Prior to 1962 the Board cited a single book published during the preceding two years. On her 90th birthday, she was pronounced International Swede of the Year 1997 by Swedes in the World, an association for Swedes living abroad. In its entry on Scandinavian fantasy, The Encyclopedia of Fantasy named Lindgren the foremost Swedish contributor to modern children's fantasy, its entry on Lindgren summed up her work in glowing terms: "Her niche in children's fantasy remains both secure and exalted. Her stories and images can never be forgotten." By 2012 Astrid Lindgren's books had been translated into 95 different languages and language variants. Further, the first chapter of Ronja the Robber's Daughter has b

School Districts of Huron County, Ohio

Numerous public school districts and numerous private schools exist in Huron County, United States. All or part of thirteen school districts serve Huron County and its residents: Bellevue City School District: including parts of Bellevue, Lyme Township, Sherman Township. Bellevue High School 200 Oakland Avenue Bellevue, Ohio 44811 Home of the RedmenBerlin-Milan Local School District: including parts of Milan and Norwalk Township. Edison High School 2603 State Route 113 East Milan, Ohio 44846 Home of the ChargersBuckeye Central Local School District: including parts of Richmond Township. Buckeye Central High School 306 South Kibler Street New Washington, Ohio 44854 Home of the BucksFirelands Local School District: including parts of Wakeman Township. Firelands High School 10643 Vermilion Road Oberlin, Ohio 44074 Home of the FalconsMonroeville Local School District: including parts of Monroeville, Bronson Township, Lyme Township, Norwalk Township, Peru Township, Ridgefield Township. Monroeville High School 101 West Street Monroeville, Ohio 44847 Home of the EaglesNew London Local School District: including parts of New London, Clarksfield Township, Fairfield Township, Fitchville Township, Hartland Township, New London Township.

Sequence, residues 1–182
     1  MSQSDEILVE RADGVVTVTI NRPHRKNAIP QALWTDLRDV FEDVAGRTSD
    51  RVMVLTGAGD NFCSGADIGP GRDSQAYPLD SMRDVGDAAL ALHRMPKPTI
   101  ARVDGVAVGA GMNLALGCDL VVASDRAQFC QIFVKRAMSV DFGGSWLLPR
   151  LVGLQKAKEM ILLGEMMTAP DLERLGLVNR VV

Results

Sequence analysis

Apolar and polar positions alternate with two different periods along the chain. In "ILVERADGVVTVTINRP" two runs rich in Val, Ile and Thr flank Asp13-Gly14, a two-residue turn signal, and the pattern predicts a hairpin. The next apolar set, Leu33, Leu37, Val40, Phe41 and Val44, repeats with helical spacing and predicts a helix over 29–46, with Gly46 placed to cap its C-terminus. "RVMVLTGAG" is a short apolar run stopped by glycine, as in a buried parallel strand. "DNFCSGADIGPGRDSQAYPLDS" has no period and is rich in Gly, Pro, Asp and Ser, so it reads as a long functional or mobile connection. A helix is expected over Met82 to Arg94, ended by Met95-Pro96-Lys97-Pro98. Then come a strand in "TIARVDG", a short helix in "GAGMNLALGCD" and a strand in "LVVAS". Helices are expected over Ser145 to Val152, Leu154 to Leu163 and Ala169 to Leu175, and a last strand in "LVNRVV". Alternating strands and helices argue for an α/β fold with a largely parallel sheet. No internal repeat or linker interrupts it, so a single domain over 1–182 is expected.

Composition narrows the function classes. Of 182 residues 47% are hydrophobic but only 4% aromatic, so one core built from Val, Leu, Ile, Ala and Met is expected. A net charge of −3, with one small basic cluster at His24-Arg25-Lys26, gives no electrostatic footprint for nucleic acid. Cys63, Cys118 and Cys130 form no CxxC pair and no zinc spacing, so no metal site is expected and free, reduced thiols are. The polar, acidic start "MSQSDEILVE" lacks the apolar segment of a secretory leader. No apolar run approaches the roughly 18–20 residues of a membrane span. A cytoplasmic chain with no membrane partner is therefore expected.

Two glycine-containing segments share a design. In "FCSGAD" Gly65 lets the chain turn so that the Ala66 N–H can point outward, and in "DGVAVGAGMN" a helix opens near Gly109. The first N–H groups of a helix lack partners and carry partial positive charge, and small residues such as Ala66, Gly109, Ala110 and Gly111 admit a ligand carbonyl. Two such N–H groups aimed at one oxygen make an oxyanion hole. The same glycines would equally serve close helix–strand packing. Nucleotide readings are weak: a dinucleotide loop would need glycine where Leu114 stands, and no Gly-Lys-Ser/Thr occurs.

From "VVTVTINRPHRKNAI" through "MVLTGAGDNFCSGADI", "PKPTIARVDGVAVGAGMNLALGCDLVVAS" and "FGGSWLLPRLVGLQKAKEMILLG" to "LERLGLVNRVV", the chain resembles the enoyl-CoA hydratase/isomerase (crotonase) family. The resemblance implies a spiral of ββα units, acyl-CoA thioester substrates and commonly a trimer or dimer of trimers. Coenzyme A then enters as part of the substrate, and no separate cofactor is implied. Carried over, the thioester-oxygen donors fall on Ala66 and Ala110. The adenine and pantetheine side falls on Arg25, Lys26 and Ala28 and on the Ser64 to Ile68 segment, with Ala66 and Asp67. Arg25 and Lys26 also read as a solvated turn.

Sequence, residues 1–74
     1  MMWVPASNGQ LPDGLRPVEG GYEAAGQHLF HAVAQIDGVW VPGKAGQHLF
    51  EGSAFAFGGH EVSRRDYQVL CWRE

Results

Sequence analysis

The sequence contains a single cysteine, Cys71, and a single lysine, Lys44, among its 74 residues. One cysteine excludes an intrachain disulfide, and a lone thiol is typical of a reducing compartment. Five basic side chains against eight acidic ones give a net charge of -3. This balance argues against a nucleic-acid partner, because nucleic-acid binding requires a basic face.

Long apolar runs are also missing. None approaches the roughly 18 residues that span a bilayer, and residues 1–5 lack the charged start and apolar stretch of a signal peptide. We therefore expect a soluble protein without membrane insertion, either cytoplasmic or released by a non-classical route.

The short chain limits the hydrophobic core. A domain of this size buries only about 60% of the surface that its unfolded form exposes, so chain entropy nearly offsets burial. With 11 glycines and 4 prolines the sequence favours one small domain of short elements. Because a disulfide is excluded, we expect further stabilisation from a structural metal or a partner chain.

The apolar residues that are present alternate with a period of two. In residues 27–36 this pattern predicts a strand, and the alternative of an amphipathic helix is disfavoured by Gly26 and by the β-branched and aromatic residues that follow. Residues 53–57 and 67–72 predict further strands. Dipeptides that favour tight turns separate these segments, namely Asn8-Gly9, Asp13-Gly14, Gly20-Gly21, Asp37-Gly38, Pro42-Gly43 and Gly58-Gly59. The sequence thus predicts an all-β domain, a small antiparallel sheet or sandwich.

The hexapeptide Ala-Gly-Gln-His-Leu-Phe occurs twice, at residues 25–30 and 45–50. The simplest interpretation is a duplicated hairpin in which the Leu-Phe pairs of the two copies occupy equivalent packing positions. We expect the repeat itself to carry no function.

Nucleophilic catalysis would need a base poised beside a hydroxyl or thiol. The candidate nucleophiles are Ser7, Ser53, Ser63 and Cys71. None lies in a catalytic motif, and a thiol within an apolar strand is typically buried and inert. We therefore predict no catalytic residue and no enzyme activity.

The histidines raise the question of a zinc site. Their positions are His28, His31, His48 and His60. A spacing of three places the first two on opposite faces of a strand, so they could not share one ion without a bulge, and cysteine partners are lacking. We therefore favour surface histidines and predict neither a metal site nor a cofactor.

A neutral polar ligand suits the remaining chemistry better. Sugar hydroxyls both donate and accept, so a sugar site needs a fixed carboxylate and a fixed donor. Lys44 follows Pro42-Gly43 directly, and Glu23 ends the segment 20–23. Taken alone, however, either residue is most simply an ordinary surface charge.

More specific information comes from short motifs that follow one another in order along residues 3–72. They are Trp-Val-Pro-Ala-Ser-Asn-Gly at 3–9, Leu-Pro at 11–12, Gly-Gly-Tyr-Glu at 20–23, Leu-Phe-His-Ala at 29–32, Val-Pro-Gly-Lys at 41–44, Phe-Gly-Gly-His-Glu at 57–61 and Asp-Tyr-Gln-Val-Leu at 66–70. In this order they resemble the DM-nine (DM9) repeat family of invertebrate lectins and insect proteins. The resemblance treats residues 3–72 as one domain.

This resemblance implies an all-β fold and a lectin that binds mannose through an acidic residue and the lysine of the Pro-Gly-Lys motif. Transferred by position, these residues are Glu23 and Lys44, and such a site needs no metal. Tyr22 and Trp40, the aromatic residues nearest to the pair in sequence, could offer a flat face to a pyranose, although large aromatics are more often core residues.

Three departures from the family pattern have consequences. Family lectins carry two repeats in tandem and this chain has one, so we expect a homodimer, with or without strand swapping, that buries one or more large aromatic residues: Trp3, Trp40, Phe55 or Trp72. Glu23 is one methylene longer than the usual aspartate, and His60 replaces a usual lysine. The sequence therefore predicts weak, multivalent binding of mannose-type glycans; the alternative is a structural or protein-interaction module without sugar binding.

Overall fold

New London High School 1 Wildcat Drive New London, Ohio 44851 Home of the WildcatsNorwalk City School District: including parts of Norwalk, Bronson Township, Norwalk Township. Norwalk High School 350 Shady Lane Drive Norwalk, Ohio 44857 Home of the TruckersPlymouth-Shiloh Local School District: including parts of Plymouth and New Haven Township. Plymouth High School 400 Trux Street Plymouth, Ohio 44865 Home of the Big Red VikingsSeneca East Local School District: including parts of Norwich Township, Richmond Township, Sherman Township. Seneca East High School 109 Seneca Street Attica, Ohio 44807 Home of the TigersSouth Central Local School District: including parts of Greenwich, North Fairfield, Fairfield Township, Greenfield Township, Greenwich Township, Ripley Township. South Central High School 3305 Greenwich Angling Road Greenwich, Ohio 44837 Home of the TrojansWellington Exempted Village School District: including parts of Clarksfield Township. Wellington High School 629 North Main Street Wellington, Ohio 44090 Home of the DukesWestern Reserve Local School District: including parts of Norwalk, Bronson Township, Clarksfield Township, Hartland Township, Norwalk Township, Townsend Township, Wakeman Township.

Western Reserve High School 3841 US Route 20 East Collins, Ohio 44826 Home of the RoughridersWillard City School District: including parts of Willard, Greenfield Township, New Haven Township, Norwich Township, Richmond Township. Willard High School 123 Dr. L. H. Whisler Avenue Willard, Ohio 44890 Home of the Crimson FlashesIn addition to the public schools, there are numerous private schools that service Huron County. Alpha Omega Christian School: located in Bellevue and serving grades PK through 12.6254 US Route 20 East Bellevue, Ohio 44811Celeryville Christian School: located in rural Willard and serving grades K through 8.4200 Broadway Road Willard, Ohio 44890Clarksfield Seventh Day Adventist School: located south of Wakeman in Clarksfield and serving grades 1 through 7.5001 Zen Road Wakeman, Ohio 44889Immaculate Conception School: located in Bellevue and serving grades K through 8.304 East Main Street Bellevue, Ohio 44811Norwalk Catholic Schools: located in Norwalk and serving grades PK through 12.